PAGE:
The launch of the Intercultural Film Series is one of several efforts the library is making to diversify its programming and make the library more accessible to everyone. As a part of this push, it is also building up its different language selections.
“The library is working really hard to diversify its programming, its selections, and its place in the community. This is just the beginning of a bunch of diverse and dynamic programming that we’re looking to offer,” said Leigha Locke, Regional Liberian at the A.C. Hunter Library.
“So for people who might not have felt like the library was reflective of them in the past … we’re so much more now.”
The series will feature a program of NFB films, all of which deal with the idea of “intercultural communication.” Willow J. Anderson, who has taught intercultural theory, is curating the series, she chose movies that felt current and relevant to conversations about immigration and cultural identity happening in Canada right now.
“Film is a really great medium to learn about how different cultures interact, and given that we live in an environment that’s more and more culturally diverse, we thought it would be interesting to view films in the library and have conversations around intercultural themes,” Anderson said.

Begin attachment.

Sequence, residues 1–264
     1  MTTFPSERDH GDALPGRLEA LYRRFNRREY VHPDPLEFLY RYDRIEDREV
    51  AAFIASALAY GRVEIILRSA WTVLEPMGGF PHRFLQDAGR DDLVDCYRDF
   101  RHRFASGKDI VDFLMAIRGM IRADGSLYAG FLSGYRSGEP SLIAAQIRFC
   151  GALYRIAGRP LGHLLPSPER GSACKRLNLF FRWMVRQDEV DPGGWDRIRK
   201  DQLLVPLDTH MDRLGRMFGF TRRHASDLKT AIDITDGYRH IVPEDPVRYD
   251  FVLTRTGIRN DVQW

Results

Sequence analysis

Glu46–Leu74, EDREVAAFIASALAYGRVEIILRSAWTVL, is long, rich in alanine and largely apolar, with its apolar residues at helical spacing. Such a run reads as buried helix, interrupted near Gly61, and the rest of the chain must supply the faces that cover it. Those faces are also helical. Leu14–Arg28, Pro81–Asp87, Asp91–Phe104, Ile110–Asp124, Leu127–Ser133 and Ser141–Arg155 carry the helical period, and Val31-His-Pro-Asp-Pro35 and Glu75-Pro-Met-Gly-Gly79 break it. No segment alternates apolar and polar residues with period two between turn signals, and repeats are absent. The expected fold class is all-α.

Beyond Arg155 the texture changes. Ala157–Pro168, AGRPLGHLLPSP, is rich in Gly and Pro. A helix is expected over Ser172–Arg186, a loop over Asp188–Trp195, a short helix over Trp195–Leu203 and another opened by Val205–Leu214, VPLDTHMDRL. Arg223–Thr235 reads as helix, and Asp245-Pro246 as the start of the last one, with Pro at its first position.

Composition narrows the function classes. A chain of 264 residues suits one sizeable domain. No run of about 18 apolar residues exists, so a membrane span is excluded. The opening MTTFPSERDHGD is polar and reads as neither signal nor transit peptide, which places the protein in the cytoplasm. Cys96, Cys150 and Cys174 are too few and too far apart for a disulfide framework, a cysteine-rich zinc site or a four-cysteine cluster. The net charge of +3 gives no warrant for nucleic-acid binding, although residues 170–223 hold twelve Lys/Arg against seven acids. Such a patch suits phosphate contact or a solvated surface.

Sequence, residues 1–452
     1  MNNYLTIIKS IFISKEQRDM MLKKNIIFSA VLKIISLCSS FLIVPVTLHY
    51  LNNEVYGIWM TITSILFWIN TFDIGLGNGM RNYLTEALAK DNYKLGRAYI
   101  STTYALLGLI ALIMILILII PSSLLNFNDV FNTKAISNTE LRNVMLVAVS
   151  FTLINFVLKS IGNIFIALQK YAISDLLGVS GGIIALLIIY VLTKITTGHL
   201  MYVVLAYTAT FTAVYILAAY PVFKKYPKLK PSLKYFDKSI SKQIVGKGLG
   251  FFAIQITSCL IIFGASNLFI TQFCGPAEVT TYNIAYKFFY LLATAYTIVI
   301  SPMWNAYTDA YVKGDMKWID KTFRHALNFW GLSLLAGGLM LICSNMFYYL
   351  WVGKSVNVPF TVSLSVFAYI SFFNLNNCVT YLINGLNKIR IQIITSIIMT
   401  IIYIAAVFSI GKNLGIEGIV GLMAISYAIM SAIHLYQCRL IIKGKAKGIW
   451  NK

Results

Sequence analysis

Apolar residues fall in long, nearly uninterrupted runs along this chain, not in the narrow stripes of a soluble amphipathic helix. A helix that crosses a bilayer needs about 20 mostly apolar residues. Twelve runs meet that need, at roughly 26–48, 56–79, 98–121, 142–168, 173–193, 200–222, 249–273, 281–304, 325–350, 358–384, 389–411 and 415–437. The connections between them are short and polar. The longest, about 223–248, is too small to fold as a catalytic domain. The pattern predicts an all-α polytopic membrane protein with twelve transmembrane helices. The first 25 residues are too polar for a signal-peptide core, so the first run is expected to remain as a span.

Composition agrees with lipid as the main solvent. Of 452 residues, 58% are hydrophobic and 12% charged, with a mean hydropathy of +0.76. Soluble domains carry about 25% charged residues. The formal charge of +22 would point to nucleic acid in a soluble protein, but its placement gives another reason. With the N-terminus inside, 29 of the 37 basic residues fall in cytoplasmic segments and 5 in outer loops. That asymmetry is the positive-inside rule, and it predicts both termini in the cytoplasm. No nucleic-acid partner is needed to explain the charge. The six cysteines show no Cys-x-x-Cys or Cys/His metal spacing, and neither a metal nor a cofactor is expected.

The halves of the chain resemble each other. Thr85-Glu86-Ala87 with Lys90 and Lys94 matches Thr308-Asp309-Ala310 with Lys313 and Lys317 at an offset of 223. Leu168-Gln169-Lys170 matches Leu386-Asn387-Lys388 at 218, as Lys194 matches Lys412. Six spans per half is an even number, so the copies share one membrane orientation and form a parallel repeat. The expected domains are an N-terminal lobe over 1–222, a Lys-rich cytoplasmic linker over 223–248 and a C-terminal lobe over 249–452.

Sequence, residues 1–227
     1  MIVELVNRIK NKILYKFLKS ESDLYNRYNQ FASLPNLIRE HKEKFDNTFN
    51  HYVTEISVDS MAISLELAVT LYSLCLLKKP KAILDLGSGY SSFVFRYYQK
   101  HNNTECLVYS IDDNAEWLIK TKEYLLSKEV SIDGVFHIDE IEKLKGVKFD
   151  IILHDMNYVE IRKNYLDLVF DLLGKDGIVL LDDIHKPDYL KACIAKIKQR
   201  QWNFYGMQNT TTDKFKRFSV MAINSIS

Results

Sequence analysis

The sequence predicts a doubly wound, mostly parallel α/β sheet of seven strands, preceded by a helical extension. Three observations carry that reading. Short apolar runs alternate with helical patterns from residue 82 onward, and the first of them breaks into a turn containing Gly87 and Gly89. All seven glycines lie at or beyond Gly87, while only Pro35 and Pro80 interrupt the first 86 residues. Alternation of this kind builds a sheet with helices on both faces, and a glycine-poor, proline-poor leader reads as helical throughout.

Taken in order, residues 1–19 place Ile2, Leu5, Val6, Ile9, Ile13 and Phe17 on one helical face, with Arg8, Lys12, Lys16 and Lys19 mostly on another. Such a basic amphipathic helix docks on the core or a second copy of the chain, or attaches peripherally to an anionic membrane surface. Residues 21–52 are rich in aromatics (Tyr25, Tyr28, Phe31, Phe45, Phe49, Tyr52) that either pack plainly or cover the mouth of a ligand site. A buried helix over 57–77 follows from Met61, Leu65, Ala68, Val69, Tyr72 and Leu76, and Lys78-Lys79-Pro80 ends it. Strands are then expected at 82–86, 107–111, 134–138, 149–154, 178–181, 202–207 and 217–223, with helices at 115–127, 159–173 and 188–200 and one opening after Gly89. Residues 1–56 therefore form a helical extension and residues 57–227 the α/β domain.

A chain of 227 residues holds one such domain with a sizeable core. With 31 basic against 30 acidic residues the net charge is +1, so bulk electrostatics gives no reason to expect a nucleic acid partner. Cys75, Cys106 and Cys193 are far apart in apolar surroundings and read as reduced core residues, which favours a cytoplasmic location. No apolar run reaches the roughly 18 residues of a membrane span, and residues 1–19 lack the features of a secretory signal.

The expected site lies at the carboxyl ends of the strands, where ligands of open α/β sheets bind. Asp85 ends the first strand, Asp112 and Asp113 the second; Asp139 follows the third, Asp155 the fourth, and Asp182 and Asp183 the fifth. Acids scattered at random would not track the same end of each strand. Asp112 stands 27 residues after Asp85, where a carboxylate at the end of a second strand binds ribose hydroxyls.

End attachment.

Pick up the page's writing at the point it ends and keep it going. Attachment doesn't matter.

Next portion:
The series kicked off in October with a screening of Where I Belong, the filmmaker Arinze Eze told his story of immigrating to Canada from Nigeria. The documentary followed Eze as he struggled to get his engineering credentials recognized, fell in love, and prepared for a visit from his parents.
“A lot of the film is about him deciding who he wants to be in Canada and considering what his family at home might think of his new life,” Anderson said.
This week’s film follows several Canadians who have one parent from a European background and one parent of a visible minority. The NFB describes the film saying it’s about getting “at the root of what it means to be multi-ethnic in a world that wants each person to fit into a single category.”
After each screening the audience will be invited to stick around for a discussion of the film. Anderson aims to have each of these conversations moderated by someone who has firsthand experience with the issues covered in the film. People will be invited to share how the film resonated with them personally, what surprised them about it, and how the subject matter relates to intercultural research.
One of the things that excites Anderson about holding the screening series in the library is that the audience will be able to seek out other resources relating to anything that interested them about the film. Having librarians on hand who can help people discover books, movies, and other media that relates to the ideas discussed in the film is a great asset for the series.
“The library is a great venue for this kind of event, because increasingly libraries are becoming community hubs focused on things like creativity, culture, collaboration and communication. So it really provides an open and safe space for everybody to come and feel like they have a place where they belong,” Locke said.
To keep track of upcoming Intercultural Film Series screenings follow the A.C. Hunter Library on Facebook.